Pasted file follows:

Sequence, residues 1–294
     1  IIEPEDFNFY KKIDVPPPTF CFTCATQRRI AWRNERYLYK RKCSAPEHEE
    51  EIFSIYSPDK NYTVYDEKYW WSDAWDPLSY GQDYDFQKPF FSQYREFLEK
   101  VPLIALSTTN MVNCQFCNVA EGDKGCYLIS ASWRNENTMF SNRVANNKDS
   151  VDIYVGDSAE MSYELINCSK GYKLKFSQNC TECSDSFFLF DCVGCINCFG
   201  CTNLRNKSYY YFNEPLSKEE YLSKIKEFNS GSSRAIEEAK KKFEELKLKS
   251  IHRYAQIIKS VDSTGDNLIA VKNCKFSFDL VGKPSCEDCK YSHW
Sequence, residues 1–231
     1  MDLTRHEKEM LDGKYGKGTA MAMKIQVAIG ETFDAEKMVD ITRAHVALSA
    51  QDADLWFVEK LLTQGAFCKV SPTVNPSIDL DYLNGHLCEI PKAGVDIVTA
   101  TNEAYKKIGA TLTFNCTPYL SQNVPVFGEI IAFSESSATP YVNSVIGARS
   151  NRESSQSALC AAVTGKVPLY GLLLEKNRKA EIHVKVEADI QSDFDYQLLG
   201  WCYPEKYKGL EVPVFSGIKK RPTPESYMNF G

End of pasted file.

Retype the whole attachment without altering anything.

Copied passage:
Sequence, residues 1–294
     1  IIEPEDFNFY KKIDVPPPTF CFTCATQRRI AWRNERYLYK RKCSAPEHEE
    51  EIFSIYSPDK NYTVYDEKYW WSDAWDPLSY GQDYDFQKPF FSQYREFLEK
   101  VPLIALSTTN MVNCQFCNVA EGDKGCYLIS ASWRNENTMF SNRVANNKDS
   151  VDIYVGDSAE MSYELINCSK GYKLKFSQNC TECSDSFFLF DCVGCINCFG
   201  CTNLRNKSYY YFNEPLSKEE YLSKIKEFNS GSSRAIEEAK KKFEELKLKS
   251  IHRYAQIIKS VDSTGDNLIA VKNCKFSFDL VGKPSCEDCK YSHW
Sequence, residues 1–231
     1  MDLTRHEKEM LDGKYGKGTA MAMKIQVAIG ETFDAEKMVD ITRAHVALSA
    51  QDADLWFVEK LLTQGAFCKV SPTVNPSIDL DYLNGHLCEI PKAGVDIVTA
   101  TNEAYKKIGA TLTFNCTPYL SQNVPVFGEI IAFSESSATP YVNSVIGARS
   151  NRESSQSALC AAVTGKVPLY GLLLEKNRKA EIHVKVEADI QSDFDYQLLG
   201  WCYPEKYKGL EVPVFSGIKK RPTPESYMNF G